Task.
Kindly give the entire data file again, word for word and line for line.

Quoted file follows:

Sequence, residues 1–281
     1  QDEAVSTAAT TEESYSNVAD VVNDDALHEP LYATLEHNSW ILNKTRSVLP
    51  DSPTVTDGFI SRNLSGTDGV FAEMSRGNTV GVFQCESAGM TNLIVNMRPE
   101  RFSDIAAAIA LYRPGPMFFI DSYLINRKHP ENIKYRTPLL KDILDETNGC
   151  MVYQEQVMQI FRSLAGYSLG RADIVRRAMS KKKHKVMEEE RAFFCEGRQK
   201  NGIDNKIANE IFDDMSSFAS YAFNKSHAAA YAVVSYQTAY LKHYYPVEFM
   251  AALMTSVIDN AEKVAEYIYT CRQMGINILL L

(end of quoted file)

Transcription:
Sequence, residues 1–281
     1  QDEAVSTAAT TEESYSNVAD VVNDDALHEP LYATLEHNSW ILNKTRSVLP
    51  DSPTVTDGFI SRNLSGTDGV FAEMSRGNTV GVFQCESAGM TNLIVNMRPE
   101  RFSDIAAAIA LYRPGPMFFI DSYLINRKHP ENIKYRTPLL KDILDETNGC
   151  MVYQEQVMQI FRSLAGYSLG RADIVRRAMS KKKHKVMEEE RAFFCEGRQK
   201  NGIDNKIANE IFDDMSSFAS YAFNKSHAAA YAVVSYQTAY LKHYYPVEFM
   251  AALMTSVIDN AEKVAEYIYT CRQMGINILL L